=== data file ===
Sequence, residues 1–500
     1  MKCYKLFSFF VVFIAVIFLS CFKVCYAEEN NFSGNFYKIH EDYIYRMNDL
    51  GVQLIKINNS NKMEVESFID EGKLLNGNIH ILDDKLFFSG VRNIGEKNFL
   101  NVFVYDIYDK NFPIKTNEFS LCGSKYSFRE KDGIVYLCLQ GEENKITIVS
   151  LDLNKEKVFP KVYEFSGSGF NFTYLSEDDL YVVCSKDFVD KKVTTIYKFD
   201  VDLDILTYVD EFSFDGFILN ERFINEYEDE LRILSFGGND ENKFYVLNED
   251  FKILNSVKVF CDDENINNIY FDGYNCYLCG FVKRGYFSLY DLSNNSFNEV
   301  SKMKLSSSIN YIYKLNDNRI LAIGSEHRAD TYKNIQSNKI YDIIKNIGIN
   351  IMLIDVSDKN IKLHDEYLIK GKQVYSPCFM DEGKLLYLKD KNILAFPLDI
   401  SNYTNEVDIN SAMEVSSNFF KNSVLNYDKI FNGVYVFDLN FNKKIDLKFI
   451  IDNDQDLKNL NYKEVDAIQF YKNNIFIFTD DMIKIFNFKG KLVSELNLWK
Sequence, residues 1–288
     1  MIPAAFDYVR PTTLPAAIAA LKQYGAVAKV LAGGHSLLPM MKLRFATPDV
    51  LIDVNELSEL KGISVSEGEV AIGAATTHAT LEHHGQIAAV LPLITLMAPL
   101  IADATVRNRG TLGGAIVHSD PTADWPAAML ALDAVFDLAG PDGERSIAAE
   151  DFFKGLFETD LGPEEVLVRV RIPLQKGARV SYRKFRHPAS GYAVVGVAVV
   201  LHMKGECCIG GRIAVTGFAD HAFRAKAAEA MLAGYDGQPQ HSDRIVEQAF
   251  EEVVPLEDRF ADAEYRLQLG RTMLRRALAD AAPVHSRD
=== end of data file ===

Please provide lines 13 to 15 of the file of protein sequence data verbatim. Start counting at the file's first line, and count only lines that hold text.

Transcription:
     1  MIPAAFDYVR PTTLPAAIAA LKQYGAVAKV LAGGHSLLPM MKLRFATPDV
    51  LIDVNELSEL KGISVSEGEV AIGAATTHAT LEHHGQIAAV LPLITLMAPL
   101  IADATVRNRG TLGGAIVHSD PTADWPAAML ALDAVFDLAG PDGERSIAAE